The Prime Minister is blaming her own hand-picked officials for the misleading advertising over the weekend which saw long queues of west and south Aucklanders waiting for Covid-19 tests.

A Government post on social media had said all west and south Aucklanders were required to undergo Covid-19 tests.

That directly contradicted the Government’s own advice to medical practitioners which said there was to be “no swabbing of asymptomatic patients” unless they were in at-risk categories such as border or isolation facility workers or aircrew.

The message effectively ordered 500,000 people to get a test and led to queues of cars in west Auckland as people sought to comply.

However that was not the case; they were not required to have the tests.

But Jacinda Ardern is blaming the All of Government group of top officials which reports to the head of the Department of Prime Minister and Cabinet and through him to the Covid-19 Cabinet sub-committee which she chairs.

Questions about the message — and the long time it took the Government to correct it yesterday – dominated her press conference which she had called to announce that Auckland would move out of Level Three and down to Level Two.

Ardern said the testing message was incorrect and had oversimplified the matter.

It seems the message may have had its origins within the Ministry of Health.

She was asked at her press conference if she had gone to the Ministry and said “we need to figure this out”.

“I’ve been doing that since this morning,” she said.

“You can rest assured we will get to the bottom of that.”

Otherwise, she was directing the blame at the All of Government Group which runs the Covid-19 response under the oversight of John Ombler.

She said that she understood the All of Government group had gone out to media outlets to help support “the correction of their messaging as well.”

“I’m working very hard to establish what happened here because we do need to make sure our messages are nice and clear,” she said.

One of the issues we have, of course, is that not all of the comms is individually signed off by me.

“There need to be processes in place that make sure that we have those who are, of course, very deeply embedded in all of the messaging; we’re asking, particularly from a health perspective, to make sure they’re totally involved in the process for signing off communication, to make sure we don’t have the oversimplification of messaging because that’s what’s happened here.“

And she made it clear that the responsibility lay with the All of Government group.

“The Unite against Covid-19 (campaign) is run through the All of government group,” she said.

“So essentially that’s who I’ll be working with to make sure that we don’t have anything like this happen again.

“It is a separate process.

“Of course, there’s previously been issues raised around making sure it’s a completely apolitical process.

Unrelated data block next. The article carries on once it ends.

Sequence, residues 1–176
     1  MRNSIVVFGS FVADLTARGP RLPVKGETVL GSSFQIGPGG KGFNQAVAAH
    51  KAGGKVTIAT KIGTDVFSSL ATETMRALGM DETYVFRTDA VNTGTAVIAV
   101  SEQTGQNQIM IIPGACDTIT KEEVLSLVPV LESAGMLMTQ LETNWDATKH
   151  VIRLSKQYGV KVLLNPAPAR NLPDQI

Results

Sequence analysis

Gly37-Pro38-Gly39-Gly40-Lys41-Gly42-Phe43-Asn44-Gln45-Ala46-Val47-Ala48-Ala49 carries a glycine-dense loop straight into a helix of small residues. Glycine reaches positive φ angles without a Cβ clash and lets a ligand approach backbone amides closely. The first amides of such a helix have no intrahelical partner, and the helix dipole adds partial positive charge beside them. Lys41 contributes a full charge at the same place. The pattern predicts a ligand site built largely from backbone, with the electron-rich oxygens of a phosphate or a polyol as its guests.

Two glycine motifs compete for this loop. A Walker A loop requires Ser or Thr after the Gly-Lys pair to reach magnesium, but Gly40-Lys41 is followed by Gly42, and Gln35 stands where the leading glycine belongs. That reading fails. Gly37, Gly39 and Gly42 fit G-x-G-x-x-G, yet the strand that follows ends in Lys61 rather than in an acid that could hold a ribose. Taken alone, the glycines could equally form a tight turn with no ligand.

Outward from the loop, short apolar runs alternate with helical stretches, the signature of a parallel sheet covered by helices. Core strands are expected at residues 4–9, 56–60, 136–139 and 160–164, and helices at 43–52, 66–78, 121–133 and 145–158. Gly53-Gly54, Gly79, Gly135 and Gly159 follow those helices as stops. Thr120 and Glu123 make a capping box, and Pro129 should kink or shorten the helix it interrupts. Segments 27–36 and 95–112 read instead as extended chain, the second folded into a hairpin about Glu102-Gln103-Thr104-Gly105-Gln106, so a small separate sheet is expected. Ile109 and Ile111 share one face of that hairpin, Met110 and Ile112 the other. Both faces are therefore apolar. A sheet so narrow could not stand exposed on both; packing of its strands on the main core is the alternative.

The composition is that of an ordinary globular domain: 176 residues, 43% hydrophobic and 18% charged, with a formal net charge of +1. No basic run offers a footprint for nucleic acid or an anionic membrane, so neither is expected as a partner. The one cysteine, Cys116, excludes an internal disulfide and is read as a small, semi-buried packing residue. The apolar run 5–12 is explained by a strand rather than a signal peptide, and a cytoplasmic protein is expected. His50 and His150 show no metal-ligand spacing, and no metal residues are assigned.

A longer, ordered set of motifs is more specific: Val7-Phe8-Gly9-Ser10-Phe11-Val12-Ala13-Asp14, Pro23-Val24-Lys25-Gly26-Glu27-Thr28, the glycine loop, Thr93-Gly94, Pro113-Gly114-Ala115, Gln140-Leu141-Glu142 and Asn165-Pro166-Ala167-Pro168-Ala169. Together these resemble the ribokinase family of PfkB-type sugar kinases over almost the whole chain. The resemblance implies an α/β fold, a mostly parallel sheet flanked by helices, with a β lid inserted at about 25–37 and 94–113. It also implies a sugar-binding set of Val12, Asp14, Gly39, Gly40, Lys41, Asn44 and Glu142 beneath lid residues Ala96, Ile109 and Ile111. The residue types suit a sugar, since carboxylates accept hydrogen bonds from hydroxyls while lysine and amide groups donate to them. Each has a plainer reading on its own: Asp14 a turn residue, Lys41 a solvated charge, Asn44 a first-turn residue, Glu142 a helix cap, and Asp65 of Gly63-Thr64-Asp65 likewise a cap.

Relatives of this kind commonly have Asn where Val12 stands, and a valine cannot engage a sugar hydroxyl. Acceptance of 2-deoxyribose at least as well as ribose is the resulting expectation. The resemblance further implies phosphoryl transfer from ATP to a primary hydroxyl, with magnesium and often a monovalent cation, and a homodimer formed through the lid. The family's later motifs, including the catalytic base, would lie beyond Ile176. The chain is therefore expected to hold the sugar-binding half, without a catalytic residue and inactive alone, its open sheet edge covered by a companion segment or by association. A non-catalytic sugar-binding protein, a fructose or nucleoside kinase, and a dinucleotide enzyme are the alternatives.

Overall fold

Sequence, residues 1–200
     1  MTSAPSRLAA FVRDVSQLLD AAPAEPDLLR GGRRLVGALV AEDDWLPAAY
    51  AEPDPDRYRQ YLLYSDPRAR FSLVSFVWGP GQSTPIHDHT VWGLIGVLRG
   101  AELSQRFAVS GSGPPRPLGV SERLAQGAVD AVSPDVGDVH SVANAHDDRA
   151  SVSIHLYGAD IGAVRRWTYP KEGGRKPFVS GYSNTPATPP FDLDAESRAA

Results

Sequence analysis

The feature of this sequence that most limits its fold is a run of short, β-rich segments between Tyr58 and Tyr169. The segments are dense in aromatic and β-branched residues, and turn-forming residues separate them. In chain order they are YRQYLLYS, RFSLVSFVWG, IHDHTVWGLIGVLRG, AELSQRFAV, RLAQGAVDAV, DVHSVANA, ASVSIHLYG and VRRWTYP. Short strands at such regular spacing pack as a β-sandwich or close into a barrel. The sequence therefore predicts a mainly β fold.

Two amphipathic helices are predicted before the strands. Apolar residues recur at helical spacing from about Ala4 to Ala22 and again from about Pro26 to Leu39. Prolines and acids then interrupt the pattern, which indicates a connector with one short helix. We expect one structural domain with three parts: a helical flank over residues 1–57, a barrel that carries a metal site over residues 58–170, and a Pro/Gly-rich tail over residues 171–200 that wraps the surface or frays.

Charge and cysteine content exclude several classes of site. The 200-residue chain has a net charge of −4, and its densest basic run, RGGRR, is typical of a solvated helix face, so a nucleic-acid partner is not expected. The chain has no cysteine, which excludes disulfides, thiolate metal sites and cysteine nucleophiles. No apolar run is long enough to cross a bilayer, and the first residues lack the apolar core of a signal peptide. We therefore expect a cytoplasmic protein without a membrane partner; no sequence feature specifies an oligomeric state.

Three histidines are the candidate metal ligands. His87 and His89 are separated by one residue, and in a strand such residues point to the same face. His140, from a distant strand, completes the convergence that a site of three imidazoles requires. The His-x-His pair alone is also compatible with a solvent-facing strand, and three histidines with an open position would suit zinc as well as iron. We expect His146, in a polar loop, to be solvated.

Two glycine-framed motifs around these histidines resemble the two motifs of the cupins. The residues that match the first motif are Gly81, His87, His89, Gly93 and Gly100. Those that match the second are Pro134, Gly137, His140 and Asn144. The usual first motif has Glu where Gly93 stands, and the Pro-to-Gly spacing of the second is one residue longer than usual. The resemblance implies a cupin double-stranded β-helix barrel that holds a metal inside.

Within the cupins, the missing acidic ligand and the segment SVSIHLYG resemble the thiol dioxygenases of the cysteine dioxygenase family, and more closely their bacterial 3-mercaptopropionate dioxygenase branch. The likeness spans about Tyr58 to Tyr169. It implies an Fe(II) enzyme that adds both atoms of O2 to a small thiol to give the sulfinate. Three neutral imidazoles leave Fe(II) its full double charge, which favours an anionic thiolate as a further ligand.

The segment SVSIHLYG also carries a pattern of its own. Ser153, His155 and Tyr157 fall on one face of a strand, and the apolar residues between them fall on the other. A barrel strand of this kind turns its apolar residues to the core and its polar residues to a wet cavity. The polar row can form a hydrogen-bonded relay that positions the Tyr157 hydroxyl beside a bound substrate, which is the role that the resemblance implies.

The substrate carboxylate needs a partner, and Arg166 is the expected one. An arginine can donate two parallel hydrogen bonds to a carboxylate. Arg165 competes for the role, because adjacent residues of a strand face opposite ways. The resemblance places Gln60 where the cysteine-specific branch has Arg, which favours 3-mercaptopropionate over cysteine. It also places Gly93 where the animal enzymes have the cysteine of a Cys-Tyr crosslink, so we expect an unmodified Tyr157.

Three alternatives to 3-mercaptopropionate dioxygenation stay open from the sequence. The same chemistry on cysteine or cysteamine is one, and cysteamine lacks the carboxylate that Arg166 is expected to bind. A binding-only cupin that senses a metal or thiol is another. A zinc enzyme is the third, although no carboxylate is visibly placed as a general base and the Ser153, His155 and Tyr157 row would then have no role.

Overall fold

“It’s very strictly and tightly kept within officials groups.

“So we will be making sure, though, that with them that the processes are in place to make sure it’s checked by everyone who needs to check it.”

The role of the All of Government committee has been contentious from the start with bureaucratic rivalries being played out within it and then private sector secondees like former AirNZ CEO, Rob Fyfe, complaining that its slow processes were frustrating.

There are suggestions that there are also tensions with the  Ministry of Health.

In their report on contact tracing, made public last week, a committee chaired by Sir Briain Roche suggested the Ministry could adopt a “whole of Government” approach.

“The Ministry could make even more use of the skills of the wider public sector, in particular from the uniform branch of the Government (Police and NZDF) and from those with a broader technology skillset and experience (e.g. the technology team from the Department of Internal Affairs), while these engagements should be efficient and enhance the speed at which a technology solution is found,” the report said.

meanwhile the Government appears to be getting ready for the fight against Covid-19 to be a long haul.

Documents released by Treasury on Friday show that it is forecasting that the Ministry of Health will need $2.8 million in next year’s Budget for what it calls a  “National Immunisation Solution”.

It is then forecasting that spending to double to $5.6 million in the 2022 Budget for 2022/23 and is forecasting the same amount of spending again in the 2023/24 year.

The projections would seem to suggest that funding has been set aside for six months of the 2021/22 year and then from July 2022 to ramp up to a full vaccination programme.

A spokesperson for Finance Minister Grant Robertson told POLITIK last night that if a vaccine were to be available earlier, then funding would be available.

But the worst-case=scenario type forecasting presented in Treasury’s analysis is echoed in other moves.

POLITIK  understands that the Ministry of Business, Innovation and Employment is seeking more managed isolation rooms in Auckland and that the request is for rooms to be available for two years.

Currently, there is space for 4766 returnees in Auckland, and 3589 people were in isolation there as at August 27.

The Ministry if also seeking communications staff for the All of Government Group and offering two-year contracts.

Given the failure of communications over the weekend, they might need those new staff with some urgency.

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